Call on a strange chemical smell? Had to tell partner NOT to drive to the address, but park a block away and slowly walk in, using your damn nose.

Man with a gun call? Had to tell partner NOT to drive to the address, but park down the street and slowly walk in.

Any number of street interviews - Constantly reminding partners to check their surroundings and not get tunnel vision on the POI.

Yes, put the damn shotgun in the vehicle at the start of the shift!

Put your damn notebook away before we knock on the door!

Yes, I know it's hot, but if you're wearing a vest, wear it properly. (Lost a friend due to this shit)

How do you fight complacency in others? I don't have an easy solution to that one.
90k in 10 yrs? That seems a little high to be honest. If you worked every single day of the year without taking a day off for that decade , it will still be like 25 different incidents a day.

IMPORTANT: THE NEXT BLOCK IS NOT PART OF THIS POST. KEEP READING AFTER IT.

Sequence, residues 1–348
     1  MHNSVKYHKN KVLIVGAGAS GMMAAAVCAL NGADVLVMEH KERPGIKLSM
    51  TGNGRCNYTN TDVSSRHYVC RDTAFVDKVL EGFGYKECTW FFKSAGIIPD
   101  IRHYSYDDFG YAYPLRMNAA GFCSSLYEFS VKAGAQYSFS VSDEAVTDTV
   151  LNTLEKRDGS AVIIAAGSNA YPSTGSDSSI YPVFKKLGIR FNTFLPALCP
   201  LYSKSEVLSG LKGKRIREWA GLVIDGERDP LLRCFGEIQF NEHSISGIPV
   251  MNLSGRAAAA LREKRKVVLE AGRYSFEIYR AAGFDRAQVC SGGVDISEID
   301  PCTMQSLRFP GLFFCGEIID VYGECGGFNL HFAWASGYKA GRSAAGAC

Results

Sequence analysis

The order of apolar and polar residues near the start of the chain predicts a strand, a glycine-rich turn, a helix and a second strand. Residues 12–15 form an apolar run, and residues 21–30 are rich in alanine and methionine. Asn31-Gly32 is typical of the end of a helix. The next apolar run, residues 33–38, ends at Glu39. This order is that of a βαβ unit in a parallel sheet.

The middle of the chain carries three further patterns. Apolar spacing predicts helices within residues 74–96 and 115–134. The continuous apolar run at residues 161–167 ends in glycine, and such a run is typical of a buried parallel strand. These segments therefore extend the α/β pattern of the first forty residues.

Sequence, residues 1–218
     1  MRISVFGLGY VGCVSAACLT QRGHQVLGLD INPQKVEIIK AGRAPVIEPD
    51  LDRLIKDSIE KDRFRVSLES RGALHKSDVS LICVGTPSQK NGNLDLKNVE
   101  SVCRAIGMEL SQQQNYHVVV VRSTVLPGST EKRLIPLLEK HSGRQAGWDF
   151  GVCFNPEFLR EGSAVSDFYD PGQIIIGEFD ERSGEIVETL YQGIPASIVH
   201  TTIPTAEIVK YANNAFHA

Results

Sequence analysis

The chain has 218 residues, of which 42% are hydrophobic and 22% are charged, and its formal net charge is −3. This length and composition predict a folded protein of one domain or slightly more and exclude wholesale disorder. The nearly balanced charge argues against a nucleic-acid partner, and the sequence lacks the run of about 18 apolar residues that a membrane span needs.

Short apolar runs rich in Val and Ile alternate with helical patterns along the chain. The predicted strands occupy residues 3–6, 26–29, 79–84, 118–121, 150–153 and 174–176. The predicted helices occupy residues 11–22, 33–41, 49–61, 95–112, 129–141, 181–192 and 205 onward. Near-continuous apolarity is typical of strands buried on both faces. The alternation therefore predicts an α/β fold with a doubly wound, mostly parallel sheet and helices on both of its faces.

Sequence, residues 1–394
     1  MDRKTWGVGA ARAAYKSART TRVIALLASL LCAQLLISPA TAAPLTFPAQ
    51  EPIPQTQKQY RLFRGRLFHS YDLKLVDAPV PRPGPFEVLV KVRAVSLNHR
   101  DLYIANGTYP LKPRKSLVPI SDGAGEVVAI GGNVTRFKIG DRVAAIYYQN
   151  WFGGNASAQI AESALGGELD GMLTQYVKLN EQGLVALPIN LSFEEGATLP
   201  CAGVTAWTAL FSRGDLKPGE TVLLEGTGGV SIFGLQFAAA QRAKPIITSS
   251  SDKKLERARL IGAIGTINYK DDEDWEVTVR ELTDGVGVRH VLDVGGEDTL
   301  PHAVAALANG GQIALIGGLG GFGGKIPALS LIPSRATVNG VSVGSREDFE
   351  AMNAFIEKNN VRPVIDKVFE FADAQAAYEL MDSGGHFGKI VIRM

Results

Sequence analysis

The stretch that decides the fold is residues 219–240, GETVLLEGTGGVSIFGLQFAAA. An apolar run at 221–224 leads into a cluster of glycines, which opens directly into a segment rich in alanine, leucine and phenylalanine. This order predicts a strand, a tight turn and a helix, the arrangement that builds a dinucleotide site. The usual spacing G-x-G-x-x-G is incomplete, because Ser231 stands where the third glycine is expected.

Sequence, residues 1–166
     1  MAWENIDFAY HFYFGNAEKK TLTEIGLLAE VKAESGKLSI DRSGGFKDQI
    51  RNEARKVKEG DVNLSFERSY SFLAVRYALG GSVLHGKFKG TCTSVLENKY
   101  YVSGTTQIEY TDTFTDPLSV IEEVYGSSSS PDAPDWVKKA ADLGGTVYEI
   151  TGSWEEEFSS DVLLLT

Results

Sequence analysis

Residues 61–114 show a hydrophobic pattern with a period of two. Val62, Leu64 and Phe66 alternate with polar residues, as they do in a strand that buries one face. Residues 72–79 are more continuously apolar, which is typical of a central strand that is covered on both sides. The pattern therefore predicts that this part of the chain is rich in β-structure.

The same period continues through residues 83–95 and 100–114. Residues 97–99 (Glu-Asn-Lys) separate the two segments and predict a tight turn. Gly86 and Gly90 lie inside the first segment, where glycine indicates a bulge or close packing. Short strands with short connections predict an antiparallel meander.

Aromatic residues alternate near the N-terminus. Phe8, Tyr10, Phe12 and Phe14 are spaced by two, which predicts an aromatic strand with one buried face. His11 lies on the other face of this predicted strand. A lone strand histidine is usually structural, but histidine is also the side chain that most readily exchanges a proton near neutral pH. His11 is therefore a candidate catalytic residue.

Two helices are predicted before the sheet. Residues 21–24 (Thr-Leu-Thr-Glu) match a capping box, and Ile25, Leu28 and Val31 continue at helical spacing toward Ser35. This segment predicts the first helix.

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  #147  
Old 18 September 2018, 19:50
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nofear nofear is offline
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Quote:
Originally Posted by revanation View Post
90k in 10 yrs? That seems a little high to be honest. If you worked every single day of the year without taking a day off for that decade , it will still be like 25 different incidents a day.
Yes it's high. Was single, worked any and all overtime that was available, (which was always available), and even spent 6 months straight working double shifts, without a single day off.

I actually had a swag, (sleeping roll/mattress thing), in the station which I frequently used as I was too tired to drive home.